6 Who, being in very nature[a] God,
did not consider equality with God something to be used to his own advantage;
7 rather, he made himself nothing
by taking the very nature[b] of a servant,
being made in human likeness.
Hail the Incarnate Deity
On that still winter’s night, something was up… something extraordinary… something supernatural. The shepherds raced to the City of David and found their Savior, just as the angel had said… swaddled and lying in a feeding trough. This was the Promised One, the Messiah! God had finally come to dwell with His people, but in such an unexpected way.
Just who was this holy Child the shepherds gazed upon? Make no mistake: He was incarnate deity. The newborn Jesus existed in eternity past as God the Son. He was coequal, coeternal, and coexistent with God the Father and God the Holy Spirit. However, Jesus relinquished the privileges and the pleasures of His existence in heaven when He took upon Himself the limitations of humanity (Philippians 2:6-7). In emptying Himself, Jesus voluntarily set aside the prerogatives and prerequisites of life as He had known it, an existence He had enjoyed; He released His right to that kind of life, saying to the Father, “I will go.”
Go where? To Bethlehem. He took “the form of a bond-servant, and [was] made in the likeness of men.” Allow yourself to picture what the shepherds saw. There He is, the baby. Do you see His ten fingers and ten toes? His button nose? Can you hear the cries? There’s humanity. In this holy infant is the beginning of an earthly life. Look deep into His eyes and see the beginning of life itself.
From: Simple Devotions
– Mark 15:19-20
Christmas. It is one of the most joyous Christian holidays, a time to remember the birth of Christ our savior. Christmas is a time to share our blessings with one another, and to be surrounded by the people we love. It is a time for giving, and a time for forgiving. Most importantly, it is a reminder of how much God loves us.
Last Sunday one of the kids in Junior Church asked, “Why did God send Jesus if He knew He was going to die?” In fact, Jesus wasn’t just going to die, Jesus was going to be mocked, beaten, tortured, and then sentenced to die a slow, painful death by crucifixion. All at the hands of those He came to save.
It’s funny, because as Christians we like to remember the good times in Jesus’ life. We love to tell the Nativity story, but we forget that shortly after His birth Christ needed to flee from Herod’s army. We tell about His wisdom, His love, and His healing, but we forget about His suffering. We forget the price He paid, for our sins. We forget the lengths that God went to show us His love (Romans 5:8).
To be honest, thinking about this leaves me dumbfounded, because God knew what would happen to His Son. God had told Isaiah along with many other prophets of the suffering the Savior would endure. God knew that the very creatures He had created, would crucify Him for trying to save us from ourselves. And yet, God lowered Himself in Christ, feeling physical pain and suffering. God lowered Himself, and let mere humans beat Him and mock Him (Philippians 2:7). The God who has all the power of the universe, humbled Himself to be lower than the angels, and to die at our sinful, hateful hands (Hebrews 2:9).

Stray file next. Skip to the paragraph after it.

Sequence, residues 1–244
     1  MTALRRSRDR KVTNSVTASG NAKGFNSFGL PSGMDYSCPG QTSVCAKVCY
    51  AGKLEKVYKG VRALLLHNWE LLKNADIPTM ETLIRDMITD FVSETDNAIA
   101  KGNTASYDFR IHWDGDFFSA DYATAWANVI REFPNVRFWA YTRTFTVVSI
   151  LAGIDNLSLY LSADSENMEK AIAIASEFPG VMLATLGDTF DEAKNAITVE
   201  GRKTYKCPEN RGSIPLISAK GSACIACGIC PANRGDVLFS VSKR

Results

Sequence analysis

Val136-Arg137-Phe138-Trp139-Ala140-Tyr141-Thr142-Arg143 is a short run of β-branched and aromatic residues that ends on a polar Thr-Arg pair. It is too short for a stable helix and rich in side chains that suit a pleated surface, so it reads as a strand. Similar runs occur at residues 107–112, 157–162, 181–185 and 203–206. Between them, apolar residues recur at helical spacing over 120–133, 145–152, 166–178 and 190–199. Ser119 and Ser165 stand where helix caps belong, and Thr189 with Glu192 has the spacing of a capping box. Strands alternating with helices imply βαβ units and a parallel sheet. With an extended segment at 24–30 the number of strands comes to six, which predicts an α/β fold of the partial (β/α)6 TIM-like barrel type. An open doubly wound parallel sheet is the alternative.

God knew this would happen ahead of time, and yet He loved us so immensely that He sent His Son, the third person of the Trinity, to suffer a painful death, so that we could spend eternity with our Heavenly Father (John 3:16). That’s the story of love. That is the story of Christmas.
Today, remember the price God paid for you, because of how much He loves you. Remember what true love is, and share that love, God’s love, with all.
Come to me, all you who are weary and burdened.
As a boy I delivered newspapers in order to earn money. Since it was a morning newspaper, I was required to get up at 3:00 every morning, 7 days a week, in order to have all 140 of my papers delivered to their appropriate homes by 6:00 a.m.
But one day each year was different. We would deliver the Christmas morning newspaper on Christmas Eve—meaning that Christmas was the only morning of the year I could sleep in and rest like a normal person.
Over the years, I came to appreciate Christmas for many reasons, but one that was special in those days was that, unlike any other day of the year, it was a day of rest.
At that time, I didn’t fully understand the meaning of the true rest that Christmas brings. Christ came so that all who labor under the weight of a law that can never be fulfilled might find rest through the forgiveness Christ offers. Jesus said, “Come to me, all you who are weary and burdened, and I will give you rest” (Matt. 11:28). In a world that is too much for us to bear alone, Christ has come to bring us into a relationship with Him and give us rest.
What burdens would you like the Lord to carry for you? Ask Him today.
Our soul finds rest when it rests in God.